[[email protected] ~]# service httpd graceful
[[email protected] ~]# php -m |grep redis

Then update the php.ini as follows:

session.save_handler = redis
session.save_path = "tcp://127.0.0.1:6379?auth=your_secure_password_here"

On CentOS and Red Hat servers, depending on what version of PHP was installed and how, you may have to update another file as it will override the php.ini. Only change this if the values exist and are configured for files:

[[email protected] ~]# vim /etc/httpd/conf.d/php.conf
session.save_handler = redis
session.save_path = "tcp://127.0.0.1:6379?auth=your_secure_password_here"

Test to ensure sessions are now being stored in Redis:

[[email protected] ~]# vim /var/www/html/test-sessions.php
<?php
session_start();
?>
Created a session

Then run the following on the command line and confirm the returned numbers increment as shown below:

[[email protected] ~]# curl localhost/test-sessions.php && redis-cli -a your_secure_password_here keys '*' |grep SESSION | wc -l
10
Created a session
11

Troubleshooting

Confirm Redis is online:

[[email protected] ~]# redis-cli ping

How to connect using redis-cli when redis is running on a different server or using a different port:

[[email protected] ~]# redis-cli -h ip_of_redis_server -p port_number_here

Sometimes you may need to flush the Redis cache. Before doing this, make sure you are connecting to the right instance of Redis since there could be multiple instances running. An example is below:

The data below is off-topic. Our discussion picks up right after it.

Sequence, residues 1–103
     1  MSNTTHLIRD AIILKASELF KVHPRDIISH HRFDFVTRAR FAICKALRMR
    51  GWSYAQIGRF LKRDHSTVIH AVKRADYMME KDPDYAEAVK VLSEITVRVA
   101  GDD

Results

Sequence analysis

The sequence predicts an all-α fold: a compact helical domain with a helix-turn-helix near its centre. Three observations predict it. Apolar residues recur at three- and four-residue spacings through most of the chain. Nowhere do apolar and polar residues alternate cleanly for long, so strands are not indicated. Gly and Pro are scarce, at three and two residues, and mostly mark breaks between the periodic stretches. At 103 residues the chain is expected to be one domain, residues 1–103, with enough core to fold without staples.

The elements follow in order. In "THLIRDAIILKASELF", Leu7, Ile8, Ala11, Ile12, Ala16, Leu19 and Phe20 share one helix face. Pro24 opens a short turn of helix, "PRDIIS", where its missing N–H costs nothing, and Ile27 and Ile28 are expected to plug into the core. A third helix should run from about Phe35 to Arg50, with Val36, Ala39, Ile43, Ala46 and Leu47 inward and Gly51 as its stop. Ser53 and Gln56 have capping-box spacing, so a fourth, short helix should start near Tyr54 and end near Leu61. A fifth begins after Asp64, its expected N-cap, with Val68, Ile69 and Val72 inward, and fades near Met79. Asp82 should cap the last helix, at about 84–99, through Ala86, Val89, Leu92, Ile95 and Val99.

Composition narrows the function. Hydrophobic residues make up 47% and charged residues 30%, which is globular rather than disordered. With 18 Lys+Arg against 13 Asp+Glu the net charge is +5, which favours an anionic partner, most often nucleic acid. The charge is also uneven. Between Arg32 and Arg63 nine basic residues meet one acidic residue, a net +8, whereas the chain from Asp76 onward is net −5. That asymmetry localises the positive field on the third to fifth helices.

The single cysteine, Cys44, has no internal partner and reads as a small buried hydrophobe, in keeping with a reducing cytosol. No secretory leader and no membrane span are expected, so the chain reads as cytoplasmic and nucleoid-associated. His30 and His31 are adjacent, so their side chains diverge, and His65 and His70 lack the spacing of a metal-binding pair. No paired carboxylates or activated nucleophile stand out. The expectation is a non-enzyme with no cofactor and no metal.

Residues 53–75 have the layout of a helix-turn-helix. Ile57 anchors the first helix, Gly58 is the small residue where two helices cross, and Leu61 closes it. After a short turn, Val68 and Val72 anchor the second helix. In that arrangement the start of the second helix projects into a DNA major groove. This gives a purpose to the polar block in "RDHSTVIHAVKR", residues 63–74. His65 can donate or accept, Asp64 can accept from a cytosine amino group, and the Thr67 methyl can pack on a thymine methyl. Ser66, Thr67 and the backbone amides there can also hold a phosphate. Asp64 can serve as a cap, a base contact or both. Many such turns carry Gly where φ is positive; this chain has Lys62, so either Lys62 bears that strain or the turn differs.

[[email protected] ~]# redis-cli -h ip_of_redis_server -p port_number_here
FLUSHALL

To get some useful stats on Redis, run:

[[email protected] ~]# redis-cli
info

To get memory specific stats, run:

[[email protected] ~]# redis-cli
info memory
127.0.0.1:6379> info memory
# Memory
used_memory:488315720
used_memory_human:465.69M
used_memory_rss:499490816
used_memory_peak:505227288
used_memory_peak_human:481.82M
used_memory_lua:36864
mem_fragmentation_ratio:1.02
mem_allocator:jemalloc-3.6.0

To increase the memory limit assigned to Redis without restarting the service, the example shown below will increase the memory allocated dynamically from 1G to 2G without a restart of the Redis:

[[email protected] ~]# redis-cli
127.0.0.1:6379> config get maxmemory
1) "maxmemory"
2) "1000000000"
127.0.0.1:6379> config set maxmemory 2g
OK
127.0.0.1:6379> config get maxmemory
1) "maxmemory"
2) "2000000000"

Regarding performance issues with Redis, there are a number of factors that need to be account for, too many for this article. Redis published an excellent article that goes into various things that could cause latency with Redis at:
https://redis.io/topics/latency

How to install and configure Redis on CentOS 6

Redis is an in-memory data structure store that is commonly used as a database, cache or a message broker. What makes Redis powerful is its optional ability to have data persistence. Therefore your dataset isn’t lost during restarts of the service.

The article below will discuss how to install, configure and provide basic security for Redis. From there, it will go into the basic use cases I use it for on a daily basis, session storing and general caching.

Installation

[[email protected] ~]# yum install epel-release
[[email protected] ~]# yum install redis
[[email protected] ~]# chkconfig redis on
[[email protected] ~]# service redis start
[[email protected] ~]# redis-cli ping